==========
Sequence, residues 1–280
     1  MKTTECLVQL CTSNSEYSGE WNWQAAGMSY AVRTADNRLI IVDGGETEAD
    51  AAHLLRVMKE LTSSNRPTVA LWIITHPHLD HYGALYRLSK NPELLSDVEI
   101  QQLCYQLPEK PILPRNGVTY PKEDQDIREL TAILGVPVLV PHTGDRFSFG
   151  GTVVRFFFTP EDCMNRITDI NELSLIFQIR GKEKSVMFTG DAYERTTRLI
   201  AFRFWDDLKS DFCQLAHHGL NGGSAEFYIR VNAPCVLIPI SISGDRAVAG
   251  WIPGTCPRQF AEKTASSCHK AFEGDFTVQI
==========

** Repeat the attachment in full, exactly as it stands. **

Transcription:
Sequence, residues 1–280
     1  MKTTECLVQL CTSNSEYSGE WNWQAAGMSY AVRTADNRLI IVDGGETEAD
    51  AAHLLRVMKE LTSSNRPTVA LWIITHPHLD HYGALYRLSK NPELLSDVEI
   101  QQLCYQLPEK PILPRNGVTY PKEDQDIREL TAILGVPVLV PHTGDRFSFG
   151  GTVVRFFFTP EDCMNRITDI NELSLIFQIR GKEKSVMFTG DAYERTTRLI
   201  AFRFWDDLKS DFCQLAHHGL NGGSAEFYIR VNAPCVLIPI SISGDRAVAG
   251  WIPGTCPRQF AEKTASSCHK AFEGDFTVQI